#![allow(unused)]
fn main() {
#[derive(NativeClass, Copy, Clone, Default)]
#[user_data(Aether<DebugLogger>)]
#[inherit(Node)]
pub struct DebugLogger;

#[methods]
impl DebugLogger {
    fn new(_: &Node) -> Self {
        Self {}
    }
    #[method]
    fn error(&self, target: String, message: String) {
        log::error!(target: &target, "{}", message);
    }
    #[method]
    fn warn(&self, target: String, message: String) {
        log::warn!(target: &target, "{}", message);
    }
    #[method]
    fn info(&self, target: String, message: String) {
        log::info!(target: &target, "{}", message);
    }
    #[method]
    fn debug(&self, target: String, message: String) {
        log::debug!(target: &target, "{}", message);
    }
    #[method]
    fn trace(&self, target: String, message: String) {
        log::trace!(target: &target, "{}", message);
    }
}
}

After adding the class above with handle.add_class::<DebugLogger>() in the init function, you may add it as an Autoload Singleton in your project for easy access. In the example below, the name "game_logger" is chosen for the Autoload singleton:

game_logger.trace("name_of_script.gd", "this is a trace message")
game_logger.debug("name_of_script.gd", "this is a debug message")
game_logger.info("name_of_script.gd", "this is an info message")
game_logger.warn("name_of_script.gd", "this is a warning message")
game_logger.error("name_of_script.gd", "this is an error message")

As this is not very ergonomic, it is possible to make a more convenient access point that you can use in your scripts. To make the interface closer to the Rust one, we can create a Logger class in GDScript that will call the global methods with the name of our script class.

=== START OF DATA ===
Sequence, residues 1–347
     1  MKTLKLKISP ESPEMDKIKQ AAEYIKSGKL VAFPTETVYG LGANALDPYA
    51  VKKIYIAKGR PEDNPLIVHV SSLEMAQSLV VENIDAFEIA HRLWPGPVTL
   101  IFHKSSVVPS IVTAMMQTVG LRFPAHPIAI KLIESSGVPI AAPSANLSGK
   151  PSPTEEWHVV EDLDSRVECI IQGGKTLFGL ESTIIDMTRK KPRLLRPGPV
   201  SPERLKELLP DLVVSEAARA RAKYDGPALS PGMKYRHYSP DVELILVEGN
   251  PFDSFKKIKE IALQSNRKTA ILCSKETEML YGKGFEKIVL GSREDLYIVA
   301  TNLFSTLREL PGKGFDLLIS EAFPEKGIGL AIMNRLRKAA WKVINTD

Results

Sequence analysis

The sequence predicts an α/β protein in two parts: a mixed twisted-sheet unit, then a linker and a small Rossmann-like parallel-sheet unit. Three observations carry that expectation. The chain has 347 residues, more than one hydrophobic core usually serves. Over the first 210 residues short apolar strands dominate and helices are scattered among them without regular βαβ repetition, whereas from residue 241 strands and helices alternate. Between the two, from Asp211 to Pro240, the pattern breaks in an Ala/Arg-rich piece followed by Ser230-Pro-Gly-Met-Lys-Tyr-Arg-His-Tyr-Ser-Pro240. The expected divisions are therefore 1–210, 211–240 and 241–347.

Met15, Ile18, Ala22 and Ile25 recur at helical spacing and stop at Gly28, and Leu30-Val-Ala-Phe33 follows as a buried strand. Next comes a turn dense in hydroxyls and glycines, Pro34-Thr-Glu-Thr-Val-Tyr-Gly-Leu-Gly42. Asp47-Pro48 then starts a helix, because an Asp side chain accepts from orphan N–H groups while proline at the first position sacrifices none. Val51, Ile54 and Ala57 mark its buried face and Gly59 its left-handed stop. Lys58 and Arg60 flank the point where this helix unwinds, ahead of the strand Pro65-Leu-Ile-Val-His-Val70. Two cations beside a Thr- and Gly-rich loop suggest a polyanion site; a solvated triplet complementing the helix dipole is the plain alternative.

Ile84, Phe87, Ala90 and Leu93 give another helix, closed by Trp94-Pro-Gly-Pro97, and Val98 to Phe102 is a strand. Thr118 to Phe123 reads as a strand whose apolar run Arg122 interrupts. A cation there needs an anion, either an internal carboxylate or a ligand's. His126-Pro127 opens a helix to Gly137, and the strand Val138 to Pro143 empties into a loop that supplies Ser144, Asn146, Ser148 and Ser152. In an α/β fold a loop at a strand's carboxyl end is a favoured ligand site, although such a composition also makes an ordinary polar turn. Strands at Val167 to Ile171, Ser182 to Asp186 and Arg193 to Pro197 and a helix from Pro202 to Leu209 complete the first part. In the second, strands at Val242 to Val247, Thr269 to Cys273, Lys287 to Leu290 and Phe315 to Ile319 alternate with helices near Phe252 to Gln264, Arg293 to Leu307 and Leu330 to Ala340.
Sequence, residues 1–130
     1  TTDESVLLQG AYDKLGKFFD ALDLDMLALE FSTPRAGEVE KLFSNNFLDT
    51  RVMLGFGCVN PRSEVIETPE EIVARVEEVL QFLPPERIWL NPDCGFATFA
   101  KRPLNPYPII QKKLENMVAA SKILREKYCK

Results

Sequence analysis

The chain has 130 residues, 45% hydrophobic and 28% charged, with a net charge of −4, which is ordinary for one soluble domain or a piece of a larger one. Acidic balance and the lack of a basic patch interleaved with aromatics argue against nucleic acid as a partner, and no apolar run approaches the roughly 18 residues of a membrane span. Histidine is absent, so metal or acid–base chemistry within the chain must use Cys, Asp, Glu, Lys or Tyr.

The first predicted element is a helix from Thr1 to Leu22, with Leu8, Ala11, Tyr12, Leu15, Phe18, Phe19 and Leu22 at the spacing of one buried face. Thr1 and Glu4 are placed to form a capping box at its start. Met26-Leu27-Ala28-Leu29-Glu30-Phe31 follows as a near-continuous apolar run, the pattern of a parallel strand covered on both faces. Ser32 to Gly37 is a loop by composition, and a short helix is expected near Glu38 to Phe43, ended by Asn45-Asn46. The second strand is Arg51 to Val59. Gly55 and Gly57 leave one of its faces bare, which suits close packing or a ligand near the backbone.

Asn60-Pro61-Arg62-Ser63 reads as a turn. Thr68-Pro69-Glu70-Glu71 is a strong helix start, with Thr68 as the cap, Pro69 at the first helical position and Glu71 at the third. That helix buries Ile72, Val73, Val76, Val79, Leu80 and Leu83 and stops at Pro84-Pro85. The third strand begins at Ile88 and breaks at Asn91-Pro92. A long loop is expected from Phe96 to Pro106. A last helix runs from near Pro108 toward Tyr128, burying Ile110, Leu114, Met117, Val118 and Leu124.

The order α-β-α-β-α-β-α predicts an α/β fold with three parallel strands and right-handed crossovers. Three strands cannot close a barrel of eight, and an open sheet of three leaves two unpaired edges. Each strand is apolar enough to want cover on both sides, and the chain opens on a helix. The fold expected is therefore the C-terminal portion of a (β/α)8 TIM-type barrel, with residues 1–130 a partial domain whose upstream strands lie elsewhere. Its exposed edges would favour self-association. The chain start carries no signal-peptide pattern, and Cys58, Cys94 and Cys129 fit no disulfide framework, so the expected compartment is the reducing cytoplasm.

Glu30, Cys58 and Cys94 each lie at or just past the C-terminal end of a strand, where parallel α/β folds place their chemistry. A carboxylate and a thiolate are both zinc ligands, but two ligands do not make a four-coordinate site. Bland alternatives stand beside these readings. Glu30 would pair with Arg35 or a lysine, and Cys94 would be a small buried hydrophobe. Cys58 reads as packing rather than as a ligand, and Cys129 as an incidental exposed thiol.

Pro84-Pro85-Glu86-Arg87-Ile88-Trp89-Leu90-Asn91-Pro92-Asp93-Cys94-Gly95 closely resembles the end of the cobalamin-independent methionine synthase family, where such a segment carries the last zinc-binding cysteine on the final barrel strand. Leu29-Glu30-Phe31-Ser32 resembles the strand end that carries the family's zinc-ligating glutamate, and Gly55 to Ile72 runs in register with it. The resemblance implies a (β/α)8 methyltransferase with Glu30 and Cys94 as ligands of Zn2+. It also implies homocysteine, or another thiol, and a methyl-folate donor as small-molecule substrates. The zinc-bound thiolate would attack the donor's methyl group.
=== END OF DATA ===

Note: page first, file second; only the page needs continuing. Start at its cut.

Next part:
extends Reference

class_name Logger

var _script_name

func _init(script_name: String) -> void:
	self._script_name = script_name

func trace(msg: String) -> void:
	D.trace(self._script_name, msg)
	
func debug(msg: String) -> void:
	D.debug(self._script_name, msg)

func info(msg: String) -> void:
	D.info(self._script_name, msg)

func warn(msg: String) -> void:
	D.warn(self._script_name, msg)

func error(msg: String) -> void:
	D.error(self._script_name, msg)

To use the above class, create an instance of Logger in a local variable with the desired script_name and use it as in the script example below:

extends Node

var logger = Logger.new("script_name.gd")

func _ready() -> void:
    logger.info("_ready")

And now you have a logging solution fully implemented in Rust and usable in GDScript.